Editorial
The journalist and the mumbler

Scott Morrison’s smile lasts four minutes. He is offended by a question on the Quad. If co-operation is needed between India, Japan, the United States and Australia, the journalist asks, who is it needed against?

“It’s not about being against something, it’s about being for something,” Morrison says. “That’s how we look at it.”

Morrison’s smile returns. It twists at the corners. As always, it is a form of confrontation. It says, “Try me.”

The interview, on American television, is about the nuclear submarine deal and mounting tensions with China. It is obvious Morrison was expecting it to be friendly. No one else on the trip had prepared as much to meet him.

Journalist, on China’s response to the submarines: “Do you expect retaliation for this?”

Morrison: “I see no reason why there should be.”

Journalist: “You haven’t spoken to the Chinese president in well over a year. Things are not very friendly at the moment.”

Morrison: “Well, the phone’s always open at our end. The door’s already – is always open at our end. There is no Australian obstacle to direct dialogue at a political level between Australia and China. But that opportunity, the China side have not shown an interest in. But they’re always welcome when they wish to.”

Journalist: “Would he take your call?”

Morrison: “Whose?”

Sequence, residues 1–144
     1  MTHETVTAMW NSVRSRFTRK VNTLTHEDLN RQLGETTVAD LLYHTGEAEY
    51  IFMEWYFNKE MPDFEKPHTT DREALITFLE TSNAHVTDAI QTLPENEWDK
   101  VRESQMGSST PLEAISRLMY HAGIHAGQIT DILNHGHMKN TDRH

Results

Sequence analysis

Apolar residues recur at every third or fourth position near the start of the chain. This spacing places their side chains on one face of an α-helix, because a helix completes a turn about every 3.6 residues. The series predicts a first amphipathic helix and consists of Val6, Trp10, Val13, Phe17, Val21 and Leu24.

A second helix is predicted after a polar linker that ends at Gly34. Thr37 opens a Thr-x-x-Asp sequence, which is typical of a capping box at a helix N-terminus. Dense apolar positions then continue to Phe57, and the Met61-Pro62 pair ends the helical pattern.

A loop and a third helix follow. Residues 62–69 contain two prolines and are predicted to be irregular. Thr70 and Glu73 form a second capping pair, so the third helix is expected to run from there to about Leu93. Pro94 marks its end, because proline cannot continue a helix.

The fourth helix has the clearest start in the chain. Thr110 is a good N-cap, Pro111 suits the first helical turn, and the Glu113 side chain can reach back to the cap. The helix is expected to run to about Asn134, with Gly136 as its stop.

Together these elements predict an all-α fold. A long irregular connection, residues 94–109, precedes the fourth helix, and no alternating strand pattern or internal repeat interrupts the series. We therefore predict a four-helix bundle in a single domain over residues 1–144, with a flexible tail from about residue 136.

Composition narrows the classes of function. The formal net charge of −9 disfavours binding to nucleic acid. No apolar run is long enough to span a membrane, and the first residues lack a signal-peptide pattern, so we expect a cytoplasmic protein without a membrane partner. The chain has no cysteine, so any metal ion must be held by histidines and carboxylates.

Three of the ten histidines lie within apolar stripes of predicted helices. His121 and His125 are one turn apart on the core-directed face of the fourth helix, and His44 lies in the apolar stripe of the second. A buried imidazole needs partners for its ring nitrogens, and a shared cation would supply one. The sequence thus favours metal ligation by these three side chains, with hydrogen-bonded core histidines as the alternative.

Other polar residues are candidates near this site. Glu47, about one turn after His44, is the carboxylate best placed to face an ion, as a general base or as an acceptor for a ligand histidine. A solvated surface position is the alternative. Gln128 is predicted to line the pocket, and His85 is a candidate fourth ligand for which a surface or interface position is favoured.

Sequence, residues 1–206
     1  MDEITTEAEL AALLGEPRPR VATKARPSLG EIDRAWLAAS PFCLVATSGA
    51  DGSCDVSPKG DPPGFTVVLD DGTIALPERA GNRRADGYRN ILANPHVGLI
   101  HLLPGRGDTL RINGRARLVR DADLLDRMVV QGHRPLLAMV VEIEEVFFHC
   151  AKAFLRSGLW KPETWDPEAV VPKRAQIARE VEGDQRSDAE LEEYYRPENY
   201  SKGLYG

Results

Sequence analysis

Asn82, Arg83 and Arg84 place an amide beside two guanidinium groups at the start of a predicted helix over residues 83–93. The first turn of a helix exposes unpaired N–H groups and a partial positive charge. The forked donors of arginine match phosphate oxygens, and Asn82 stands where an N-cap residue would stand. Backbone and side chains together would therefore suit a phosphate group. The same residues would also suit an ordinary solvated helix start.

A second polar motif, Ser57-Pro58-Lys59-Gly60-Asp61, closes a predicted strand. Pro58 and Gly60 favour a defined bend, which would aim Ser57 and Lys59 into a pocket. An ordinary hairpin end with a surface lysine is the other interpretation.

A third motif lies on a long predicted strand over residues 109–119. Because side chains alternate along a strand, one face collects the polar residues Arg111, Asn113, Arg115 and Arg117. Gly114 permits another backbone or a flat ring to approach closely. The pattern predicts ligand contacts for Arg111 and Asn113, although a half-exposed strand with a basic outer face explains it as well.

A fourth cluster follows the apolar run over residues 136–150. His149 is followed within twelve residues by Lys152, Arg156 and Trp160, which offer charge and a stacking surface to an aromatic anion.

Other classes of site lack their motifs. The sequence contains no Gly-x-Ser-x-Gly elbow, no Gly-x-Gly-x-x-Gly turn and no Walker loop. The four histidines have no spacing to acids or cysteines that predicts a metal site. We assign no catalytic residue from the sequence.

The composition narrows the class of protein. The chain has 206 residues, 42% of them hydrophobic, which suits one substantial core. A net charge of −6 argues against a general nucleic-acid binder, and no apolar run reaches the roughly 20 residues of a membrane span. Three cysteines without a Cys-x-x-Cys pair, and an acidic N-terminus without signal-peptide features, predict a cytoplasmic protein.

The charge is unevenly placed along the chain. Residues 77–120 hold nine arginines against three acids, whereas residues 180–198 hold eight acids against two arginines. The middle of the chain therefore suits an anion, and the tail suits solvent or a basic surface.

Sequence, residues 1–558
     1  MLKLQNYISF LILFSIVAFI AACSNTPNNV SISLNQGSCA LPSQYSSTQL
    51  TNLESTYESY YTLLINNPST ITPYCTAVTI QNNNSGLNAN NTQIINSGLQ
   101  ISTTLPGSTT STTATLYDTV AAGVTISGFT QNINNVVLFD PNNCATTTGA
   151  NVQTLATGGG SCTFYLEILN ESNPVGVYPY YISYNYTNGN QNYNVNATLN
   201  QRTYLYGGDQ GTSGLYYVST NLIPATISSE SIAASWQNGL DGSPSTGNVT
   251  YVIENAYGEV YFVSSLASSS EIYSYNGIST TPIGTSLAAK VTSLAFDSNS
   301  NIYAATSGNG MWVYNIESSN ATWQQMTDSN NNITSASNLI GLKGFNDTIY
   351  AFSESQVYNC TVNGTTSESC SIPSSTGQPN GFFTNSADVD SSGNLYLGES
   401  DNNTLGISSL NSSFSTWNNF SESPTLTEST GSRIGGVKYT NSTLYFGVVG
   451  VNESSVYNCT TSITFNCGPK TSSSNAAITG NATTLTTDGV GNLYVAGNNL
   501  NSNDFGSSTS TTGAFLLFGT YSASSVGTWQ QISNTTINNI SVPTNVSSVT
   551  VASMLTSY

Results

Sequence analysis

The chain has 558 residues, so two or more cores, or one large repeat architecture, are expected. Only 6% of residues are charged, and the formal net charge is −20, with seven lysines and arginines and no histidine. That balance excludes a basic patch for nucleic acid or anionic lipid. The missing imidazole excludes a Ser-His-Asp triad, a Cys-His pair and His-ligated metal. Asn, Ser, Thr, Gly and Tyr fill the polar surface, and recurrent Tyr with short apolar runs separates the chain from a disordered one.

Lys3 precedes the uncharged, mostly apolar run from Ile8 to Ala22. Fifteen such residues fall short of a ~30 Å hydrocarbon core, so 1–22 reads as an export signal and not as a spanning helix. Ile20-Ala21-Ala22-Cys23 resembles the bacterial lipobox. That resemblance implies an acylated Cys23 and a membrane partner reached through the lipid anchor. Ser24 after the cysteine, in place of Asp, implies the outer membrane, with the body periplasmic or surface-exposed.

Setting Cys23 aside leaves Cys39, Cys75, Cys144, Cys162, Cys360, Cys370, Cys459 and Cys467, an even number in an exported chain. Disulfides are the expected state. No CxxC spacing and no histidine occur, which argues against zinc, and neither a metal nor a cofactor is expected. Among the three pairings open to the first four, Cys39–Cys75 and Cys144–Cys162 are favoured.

Journalist: “Have you tried to call the Chinese president?”

Morrison: “Those – those opportunities have been available for years, but that’s not something they’re interested in at the moment. That’s their choice.”

Journalist: “He doesn’t want to take a call right now?”

Morrison: “No.”

Ultimately, Morrison says, conflict with China will not be about Australia. “As I said before, I certainly don’t see it as inevitable and I think it’s all completely avoidable. And those issues, though, are going to be resolved principally between the United States and China. They are not issues that are going to be resolved directly by Australia.”

Having grimaced and prevaricated and adjusted himself in his chair, those few sentences sum up the strategic simplicity of Morrison’s foreign policy.

He is not balancing complex powers. He is not looking for leverage or diplomacy. He is visiting America and asking if they could look after it for him.

This article was first published in the print edition of The Saturday Paper on Oct 2, 2021 as "The journalist and the mumbler".

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